The new album from Hello, the Future! debuts on June 25, but I have the honor of having obtained an advanced review copy. And I’m pleased to report that it’s just as wonderful as I’d hoped it would be. The addition of the band (The Long Holidays, whose music I will also need to check out) to Nicole’s already talented song-writing makes this a strong contender for one of the best albums of the year. (I should note that the videos embedded here are for the solo acoustic versions of the songs, but they’re still representative of Hello, the Future!’s sound. Also, a couple of songs on the album itself are slightly NSFW, if only because of one word).
The album itself is much more personal than most of Hello, the Future!’s previous work, which makes sense given how much of a relationship she has built with her audience. In fact, this relationship figures quite prominently in one of my favorite tracks from the album, “Pay It Forward.” The song is basically a celebration of the crowdfunding that created the album as well as the fans who helped put it together. But it goes beyond that as well, celebrating the entire culture of crowdfunding and independent artists. The line “they’re carrying you” brings to mind Amanda Palmer, whom I know Nicole admires, falling into the crowd, something she views as symbolic of her trust of her fans.
Also very personal are “Blue Wears Jade” and “Not Blue Anymore.” “Blue” is Nicole’s former alter ego, and I find it interesting that the two songs are in order that they are, with “Not Blue Anymore” first and “Blue Wears Jade” second. Perhaps she’s not quite as done with “Blue” as she wants to be, which actually fits with the theme of “Not Blue Anymore.” Of course, “Blue” serves a double meaning in “Not Blue Anymore.” It’s not just about the alter ego, but also about that doubt that comes from not feeling like you’re good enough. Like “Not Blue Anymore,” “Blue Wears Jade” is about not quite being done with the past despite having mostly moved on (Nicole has a much more skeptical frame of mind than in her past, but like many skeptics still has her own gris-gris, in this case the protective jade).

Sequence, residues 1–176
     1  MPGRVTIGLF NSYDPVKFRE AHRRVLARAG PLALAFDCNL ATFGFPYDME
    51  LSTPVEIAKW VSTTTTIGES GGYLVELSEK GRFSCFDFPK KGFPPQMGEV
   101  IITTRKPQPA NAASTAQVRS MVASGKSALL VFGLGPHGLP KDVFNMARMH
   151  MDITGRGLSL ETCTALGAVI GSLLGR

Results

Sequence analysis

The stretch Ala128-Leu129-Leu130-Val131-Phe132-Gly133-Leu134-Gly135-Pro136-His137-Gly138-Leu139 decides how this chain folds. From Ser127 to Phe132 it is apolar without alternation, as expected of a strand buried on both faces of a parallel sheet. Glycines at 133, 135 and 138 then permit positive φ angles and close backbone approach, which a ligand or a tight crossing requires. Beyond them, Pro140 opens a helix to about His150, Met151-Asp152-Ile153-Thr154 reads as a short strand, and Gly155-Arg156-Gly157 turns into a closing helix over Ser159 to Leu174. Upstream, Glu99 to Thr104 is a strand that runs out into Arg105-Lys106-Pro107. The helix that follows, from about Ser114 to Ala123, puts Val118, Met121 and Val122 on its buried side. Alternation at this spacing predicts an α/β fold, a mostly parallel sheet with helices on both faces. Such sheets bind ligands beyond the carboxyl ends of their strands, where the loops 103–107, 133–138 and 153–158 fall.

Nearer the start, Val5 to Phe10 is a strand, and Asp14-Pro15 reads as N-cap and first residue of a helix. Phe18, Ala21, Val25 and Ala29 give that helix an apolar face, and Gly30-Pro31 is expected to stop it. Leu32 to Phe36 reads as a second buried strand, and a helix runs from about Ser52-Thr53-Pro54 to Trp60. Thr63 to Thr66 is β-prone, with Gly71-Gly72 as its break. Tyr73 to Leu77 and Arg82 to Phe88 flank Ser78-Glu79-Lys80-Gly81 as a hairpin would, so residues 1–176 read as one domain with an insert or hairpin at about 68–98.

Of course the title track itself is personal and isn’t even really about giant robots; instead it’s about what constitutes art. The “giant robot” in this case is a drawing by a kid at fine arts camp that represents non-serious art. I’m detecting a bit more influence of Amanda Palmer here, with the definition of art being about making connections. I really like this idea, and it’s a fitting opening track as well, defining what the entire album will be about.
Probably my favorite tracks on the album have to be “I Like Coffee” and “Skeptic Love Song.” I love the frenetic pace of the former, and the theremin fits in so well. I find it going through my head pretty much every morning when I’m having my breakfast. I, too, like coffee. I also identify with “Skeptic Love Song.” Like Nicole, I’m a skeptic, but that doesn’t mean I’m completely emotionless and can’t fall in love. The lyrics of the song are absolutely brilliant, and I particularly love the lines “I know love really means / I like your genes / So take them off” and also “And I wrote this love song for you, to explain / Every day I don’t tell you I love you is a lie.” Very nice word play there.
If you’ve never yet checked out Hello, the Future!, this is a really great chance to do so. If you’re reading this before June 25, check out the three preview tracks on Bandcamp, then pre-order it. And if it’s after that, then listen to the whole thing and grab a copy. You won’t be disappointed.